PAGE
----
Driving Instructor

IMG_2361I have the privilege of teaching my last born how to drive this summer. She is sixteen and not terribly motivated to learn, most likely because she is the baby and there are plenty of people around to give her rides, and she is still afraid of all the responsibility. We don’t want to force her before she’s ready, but when she wants to go someplace she now has to drive the two of us. Yesterday was one of those times, and I found myself saying little reminders like,’stay in your lane’ and ‘use you signals’. It’s hard for me to remember that she doesn’t automatically know these things, surely she has heard them with her siblings over the years, but its not fair to assume this.

After dropping off my girl and driving away I was thinking about the words I had just been saying, and how they apply to our marriages. I talk to so many women who are wrapped up in the sin of their husbands; looking only at his behaviors and making judgments about their hearts. It can be difficult to stay in our own lane sometimes, but if we don’t an accident can surely happen. Ladies, it is not our job to be our husbands’ Holy Spirit. Stay in your own lane.

Another way that we get ourselves in trouble is with a lack of communication, assuming our men know and understand what we want. If we refuse to use our signals, clearly communicating our needs and directions, we cannot get upset when a crash happens. Our men cannot read our minds, and we don’t really want them to, except when it’s convenient for us. Talk about your expectations and hopes, even if it feels like he doesn’t listen. Experienced drivers look for and respond to signals without even realizing it. Use your signals.

I am confident that my girl will become a competent driver when the time is right, and very soon won’t need to have her Mom sit next to her, pointing out all the details of driving and she is going to love the independence that comes with being a driver. Soon it will become second nature, as long as she follows the rules of the road. Marriage can be similar, at first it can feel foreign to communicate so much, to know someone so well and yet not be responsible for their behaviors, but with time and practice, it can become natural and even quite enjoyable.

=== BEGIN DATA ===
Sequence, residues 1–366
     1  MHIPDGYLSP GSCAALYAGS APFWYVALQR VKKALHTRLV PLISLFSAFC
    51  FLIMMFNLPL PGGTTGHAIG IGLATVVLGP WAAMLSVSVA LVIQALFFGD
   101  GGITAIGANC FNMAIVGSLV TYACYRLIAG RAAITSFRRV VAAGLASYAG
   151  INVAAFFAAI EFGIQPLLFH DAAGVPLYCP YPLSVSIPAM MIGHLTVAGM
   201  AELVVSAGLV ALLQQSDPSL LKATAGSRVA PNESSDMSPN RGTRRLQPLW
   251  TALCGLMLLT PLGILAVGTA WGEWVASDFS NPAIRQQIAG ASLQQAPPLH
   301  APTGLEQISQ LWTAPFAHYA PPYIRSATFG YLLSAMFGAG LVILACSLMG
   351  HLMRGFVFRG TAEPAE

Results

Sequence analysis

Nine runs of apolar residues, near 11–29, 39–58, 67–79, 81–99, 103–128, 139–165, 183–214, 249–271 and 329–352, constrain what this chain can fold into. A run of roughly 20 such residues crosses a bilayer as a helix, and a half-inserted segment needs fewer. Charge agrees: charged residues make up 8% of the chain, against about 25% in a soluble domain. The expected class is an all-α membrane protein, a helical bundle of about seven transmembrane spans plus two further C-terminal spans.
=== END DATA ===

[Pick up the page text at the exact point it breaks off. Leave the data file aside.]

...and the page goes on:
2 thoughts on “Driving Instructor

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  1. This doesn’t really matter to you, but right now I’m reading this from my computer and WordPress looks completely different than it does on my phone! Many changes on the desktop view for me. Anywho, I love how you reverted it back to marriage. As far as staying in your lane I think it’s important to remember that it’s also annoying when you constantly remind others of what to do. That was me. I had a friend who was new to being a Christian and just making positive changes and looking back I always, always had a reminder. Now, I realize that it was a flaw. It wasn’t intentionally done but when you love someone you want to protect them from everything…but there are good hurts! I’m watching my nephew learn how to drive as well. His parents has helped him a lot, so he’s pretty decent but I force him to call out the speed limit every time we drive by a speed limit sign. It’s makes me laugh inside. :0)

    1. There are good hurts as well, that’s some good wisdom! And I love that you’re making your nephew call out the speed limit! Genius! My kids constantly ask what their speed should be and I have no idea way too often!!

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